You state that: And it’s not a tax. It’s a fee paid by the merchants in exchange for the cost savings that debit and credit cards represent. The merchant who gives away free bananas in protest of merchant fees (see the article) is an idiot.
I agree this is not a ‘tax’. It is a FEE.
If a merchant accepts cash, they don’t pay a percentage of the transaction based on the amount of the purchase; with most kinds of cc’s (credit cards) and dbts (debit cards) that I’m aware of merchants are extracted a percentage of the transaction. That is a FEE. It is pure, utter extraction.
That transaction doesn’t cost the bank more to process based on whether the amount transacted is $50 or $800 or $3,000. Yet, depending on the amount transacted, the banksters take a ‘cut’, a FEE. They do not innovate, invent, or create to get that FEE — they only get it because they have the power (and legislation) to do so.
Meanwhile, don’t forget that the banks are also charging the customer for that very same transaction: in short, the banks make money off both sides of the transaction. Yet we aren’t hearing about that from the banksters, now are we…?
You lose all credibility with me when you state: Merchant card fees cover both the costs of fraud and convenience. And it is most certainly NOT free for the banks. The infrastructure costs are on the backs of the banks, not the merchants
If you honestly believe this, you are seriously misinformed.
Small retailers (including every restaurant in the nation) pay when there are fraudulent cards. The system **should** notify the retailer at the instant of swipe if the card is fraudulent, but it does not always do this. But it gets worse: if a retailer swipes a card and that data is not encrypted, or the network is not fully secured, then the retailer eats the costs — at least, the retailers that I’ve heard gasping in shock have ended up eating it. One retailer that I know – a small operation – having spent tens of thousands for inventory software and a whole new cc/dbt system, just ended up spending **more** tens of thousands of dollars to purchase all new swipe machines that encrypt **at the instant of swipe**. Did the banks provide those machines for free to the retailer? Not a chance. Did the banks provide any kind of discount to retailers using those new encryption devices? Not a chance.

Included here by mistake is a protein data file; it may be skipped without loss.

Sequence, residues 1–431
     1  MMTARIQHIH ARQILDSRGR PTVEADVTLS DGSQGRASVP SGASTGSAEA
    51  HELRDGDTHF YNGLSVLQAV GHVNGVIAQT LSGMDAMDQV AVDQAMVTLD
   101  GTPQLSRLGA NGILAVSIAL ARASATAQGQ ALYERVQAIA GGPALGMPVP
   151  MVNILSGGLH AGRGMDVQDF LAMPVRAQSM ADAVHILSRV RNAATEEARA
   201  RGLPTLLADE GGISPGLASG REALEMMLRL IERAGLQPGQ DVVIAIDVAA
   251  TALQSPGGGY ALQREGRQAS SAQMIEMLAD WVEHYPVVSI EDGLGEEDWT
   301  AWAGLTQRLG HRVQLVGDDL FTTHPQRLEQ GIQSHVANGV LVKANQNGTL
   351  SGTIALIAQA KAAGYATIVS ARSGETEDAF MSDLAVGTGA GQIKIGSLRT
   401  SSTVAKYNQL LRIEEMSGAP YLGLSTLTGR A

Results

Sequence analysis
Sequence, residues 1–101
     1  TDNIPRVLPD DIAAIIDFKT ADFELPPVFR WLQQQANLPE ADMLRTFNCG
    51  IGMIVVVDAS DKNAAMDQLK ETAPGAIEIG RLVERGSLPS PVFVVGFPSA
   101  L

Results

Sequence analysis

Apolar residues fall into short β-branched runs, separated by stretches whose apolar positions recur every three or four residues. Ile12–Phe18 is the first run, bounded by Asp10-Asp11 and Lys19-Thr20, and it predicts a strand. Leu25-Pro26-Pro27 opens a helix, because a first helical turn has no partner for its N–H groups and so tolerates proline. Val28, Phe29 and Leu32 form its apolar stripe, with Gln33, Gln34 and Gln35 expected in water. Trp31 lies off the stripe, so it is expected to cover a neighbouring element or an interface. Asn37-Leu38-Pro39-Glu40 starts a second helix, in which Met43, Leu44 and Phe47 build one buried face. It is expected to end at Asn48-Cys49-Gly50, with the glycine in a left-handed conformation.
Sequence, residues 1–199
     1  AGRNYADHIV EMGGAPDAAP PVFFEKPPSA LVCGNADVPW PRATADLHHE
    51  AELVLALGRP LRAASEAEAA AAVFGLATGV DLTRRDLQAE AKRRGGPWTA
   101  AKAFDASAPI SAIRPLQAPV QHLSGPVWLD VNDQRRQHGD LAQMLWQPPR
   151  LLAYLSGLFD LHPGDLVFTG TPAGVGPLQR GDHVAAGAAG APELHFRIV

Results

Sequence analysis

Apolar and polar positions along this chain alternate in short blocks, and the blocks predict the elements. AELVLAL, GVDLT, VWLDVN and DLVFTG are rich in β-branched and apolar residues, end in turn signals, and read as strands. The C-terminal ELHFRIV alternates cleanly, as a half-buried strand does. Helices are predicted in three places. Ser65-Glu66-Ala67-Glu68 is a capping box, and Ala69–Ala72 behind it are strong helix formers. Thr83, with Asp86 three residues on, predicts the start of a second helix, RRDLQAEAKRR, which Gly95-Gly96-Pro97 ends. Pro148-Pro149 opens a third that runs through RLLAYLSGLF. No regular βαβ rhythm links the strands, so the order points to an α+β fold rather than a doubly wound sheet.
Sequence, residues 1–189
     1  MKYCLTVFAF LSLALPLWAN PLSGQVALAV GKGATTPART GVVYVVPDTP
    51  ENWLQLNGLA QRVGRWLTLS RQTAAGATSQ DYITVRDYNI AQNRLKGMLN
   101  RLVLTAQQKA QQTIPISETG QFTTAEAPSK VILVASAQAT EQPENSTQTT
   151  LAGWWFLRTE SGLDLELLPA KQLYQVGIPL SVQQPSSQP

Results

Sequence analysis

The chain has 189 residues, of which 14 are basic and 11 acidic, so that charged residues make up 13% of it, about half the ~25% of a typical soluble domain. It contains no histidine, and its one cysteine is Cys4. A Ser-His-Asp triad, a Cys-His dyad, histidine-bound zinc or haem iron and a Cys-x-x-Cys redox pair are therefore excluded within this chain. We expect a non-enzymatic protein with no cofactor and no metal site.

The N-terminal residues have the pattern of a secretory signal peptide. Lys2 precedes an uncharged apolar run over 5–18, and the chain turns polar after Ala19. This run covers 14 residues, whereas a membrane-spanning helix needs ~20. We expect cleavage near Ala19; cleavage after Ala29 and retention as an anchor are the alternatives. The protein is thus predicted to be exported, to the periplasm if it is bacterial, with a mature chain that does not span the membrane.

As for ‘innovating banks’, that’s an oxymoron.
I’ve written eComm code, and I’ve worked in the eComm layer and the very notion that banks innovate is ridiculous. They have done their utmost to control and capture eComm technologies, but that does **not** make them innovators. Nor does it make the credit card companies innovators (!). It makes them what they always were and always will be: agents who cream profits from transactions. They happen to be at the point where the money changes hands, and they take advantage of that fact (in an exploitive fashion, I will add).
What Congress does not appear to understand is that if they side with the banks, they are damaging the vitality of small and medium sized businesses who actually **innovate** — whether it is a local farm that wants to offer an organic produce service, whether it is someone setting up a new merchant site via Amazon’s services, or whether it is a salon chain that wants to offer people the chance to buy a Mother’s Day gift card online. All those people actually **innovate**, provide personal services, and create the economic exchanges that allow for cities to have budgets that pay for schools, roads, cops, etc.
There is no reason — economically — for banks to stick businesses with the costs of fraud over which they have no control, to stick businesses with extractive ‘percentage’ fees of transactions, or to play both sides of every transaction by charging BOTH the payer and the payee.